Beyond chemicals altering the way we perceive pain and stress, music can change the physical response of our body as well. From our heartbeats to our brain waves, our bodies are naturally hardwired with rhythm. It’s only natural we respond to the beats in music. One of the best ways this can be seen is with our heartbeats and blood pressure.
- Blood Pressure: Music has shown the ability to lower blood pressure through listening to relaxing rhythms and sounds. Over a period of time, listening to calm music can relax all muscles in the body, including the heart.
- Heart Rate: Have you ever listened to a song and gotten so amped up that your heart was racing like crazy? It was your body’s response to the music. It has the ability to increase and decrease your heart rate with the tempo of the beat. Faster, higher tempo music raises your heart rate while slower and calmer music helps to decrease your heart rate. Our body naturally responds to these rhythmic cues from the beats of the music.
Putting it All Together
Music therapists are able to use the science of music therapy and how it affects the body emotionally and physically to treat a range of injuries and illnesses. Being able to trigger a feeling of happiness, calm the heart rate and promote relaxation are just a few of the ways this therapy can be used in a medical setting.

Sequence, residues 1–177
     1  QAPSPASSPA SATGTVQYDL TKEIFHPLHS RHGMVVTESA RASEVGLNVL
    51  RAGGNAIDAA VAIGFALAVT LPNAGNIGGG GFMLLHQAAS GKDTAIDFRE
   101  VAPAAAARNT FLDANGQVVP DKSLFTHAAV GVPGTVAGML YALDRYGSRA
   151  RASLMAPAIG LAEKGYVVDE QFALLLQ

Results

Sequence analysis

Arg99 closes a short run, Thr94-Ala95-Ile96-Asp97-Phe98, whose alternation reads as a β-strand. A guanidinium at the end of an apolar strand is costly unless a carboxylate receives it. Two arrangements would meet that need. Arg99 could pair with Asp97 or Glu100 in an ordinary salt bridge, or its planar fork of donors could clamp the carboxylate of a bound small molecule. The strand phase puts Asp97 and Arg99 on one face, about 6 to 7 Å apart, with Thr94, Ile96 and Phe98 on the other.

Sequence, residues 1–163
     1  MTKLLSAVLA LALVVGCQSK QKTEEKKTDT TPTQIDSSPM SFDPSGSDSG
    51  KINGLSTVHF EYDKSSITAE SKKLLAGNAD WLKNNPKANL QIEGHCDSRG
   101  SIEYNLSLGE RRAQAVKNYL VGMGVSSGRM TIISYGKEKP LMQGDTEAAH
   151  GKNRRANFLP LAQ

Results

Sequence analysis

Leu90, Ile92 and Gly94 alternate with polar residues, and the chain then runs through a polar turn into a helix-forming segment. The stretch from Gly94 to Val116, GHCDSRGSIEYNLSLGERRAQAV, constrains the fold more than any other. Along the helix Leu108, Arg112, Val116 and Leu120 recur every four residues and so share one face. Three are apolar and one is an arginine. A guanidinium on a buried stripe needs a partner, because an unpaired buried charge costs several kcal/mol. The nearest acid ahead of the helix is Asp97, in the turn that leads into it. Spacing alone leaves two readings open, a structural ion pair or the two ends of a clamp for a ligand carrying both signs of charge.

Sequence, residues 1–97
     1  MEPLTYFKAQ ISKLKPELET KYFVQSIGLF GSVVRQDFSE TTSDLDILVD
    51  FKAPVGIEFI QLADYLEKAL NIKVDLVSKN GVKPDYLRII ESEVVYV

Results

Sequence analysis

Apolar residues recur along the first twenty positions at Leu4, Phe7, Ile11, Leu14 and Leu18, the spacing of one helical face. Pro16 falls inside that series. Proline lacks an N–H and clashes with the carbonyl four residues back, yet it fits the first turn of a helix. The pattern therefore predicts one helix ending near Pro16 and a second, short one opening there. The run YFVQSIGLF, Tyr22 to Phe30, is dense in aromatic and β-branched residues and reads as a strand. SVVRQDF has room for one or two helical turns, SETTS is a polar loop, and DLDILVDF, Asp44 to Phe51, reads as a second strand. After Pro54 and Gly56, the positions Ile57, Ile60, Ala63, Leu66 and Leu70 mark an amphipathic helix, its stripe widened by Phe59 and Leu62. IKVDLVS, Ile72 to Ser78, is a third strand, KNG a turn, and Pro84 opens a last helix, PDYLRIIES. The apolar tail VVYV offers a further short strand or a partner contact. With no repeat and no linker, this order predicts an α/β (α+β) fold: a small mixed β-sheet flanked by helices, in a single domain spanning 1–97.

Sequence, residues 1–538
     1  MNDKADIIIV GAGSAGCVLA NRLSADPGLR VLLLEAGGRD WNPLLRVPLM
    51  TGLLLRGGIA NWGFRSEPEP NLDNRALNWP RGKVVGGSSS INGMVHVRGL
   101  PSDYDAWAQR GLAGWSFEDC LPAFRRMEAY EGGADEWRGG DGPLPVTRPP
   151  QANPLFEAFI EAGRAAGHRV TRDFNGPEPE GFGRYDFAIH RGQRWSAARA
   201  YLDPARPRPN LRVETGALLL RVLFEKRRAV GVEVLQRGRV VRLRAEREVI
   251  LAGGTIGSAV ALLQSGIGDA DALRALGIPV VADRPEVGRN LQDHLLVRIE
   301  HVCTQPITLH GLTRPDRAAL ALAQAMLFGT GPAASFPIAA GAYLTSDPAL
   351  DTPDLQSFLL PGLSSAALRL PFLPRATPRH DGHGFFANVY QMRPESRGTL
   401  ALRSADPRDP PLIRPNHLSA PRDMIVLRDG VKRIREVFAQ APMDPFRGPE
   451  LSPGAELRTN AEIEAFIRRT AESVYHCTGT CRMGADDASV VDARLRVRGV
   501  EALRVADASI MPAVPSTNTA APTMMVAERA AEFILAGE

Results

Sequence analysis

“Researchers found that patients who listened to relaxing music while getting an IV inserted reported significantly less pain, and some demonstrated significantly less distress, compared with patients who did not listen to music.”
-Amy Novotny, American Psychological Association: Music as Medicine
Music therapy is truly a miracle therapy. Its ability to change the body’s response without the use of traditional medications is amazing and has been opening the doors for so many people, from fragile premature babies to the elderly struggling with Alzheimer’s and every age in between.
The Peterson Family Foundation has been able to provide the hospitals it supports the opportunity to develop and expand music therapy programs for children and teens. Most recently, the foundation provided the UCSF Benioff Children’s Hospital’s Peterson Family Foundation Music Therapy Program the ability employ two more outstanding music therapists, allowing more children the opportunity to experience the whole body healing that music therapy offers.
You can help the foundation reach its goal of bringing music therapy to hospitals around the world by making a contribution, where every dollar is used for the most possible good, and by spreading the word of our mission and progress.
About the Peterson Family Foundation
The Peterson Family Foundation was founded in 2003 to enhance, restore and improve the quality of life for all human beings. Our primary mission is to seek out and support experts and institutions dedicated to enhancing and improving the lives of people dealing with illnesses requiring a stay at a medical institution by bringing music therapy to as many hospitals as possible. Learn more at our website or share your story with us.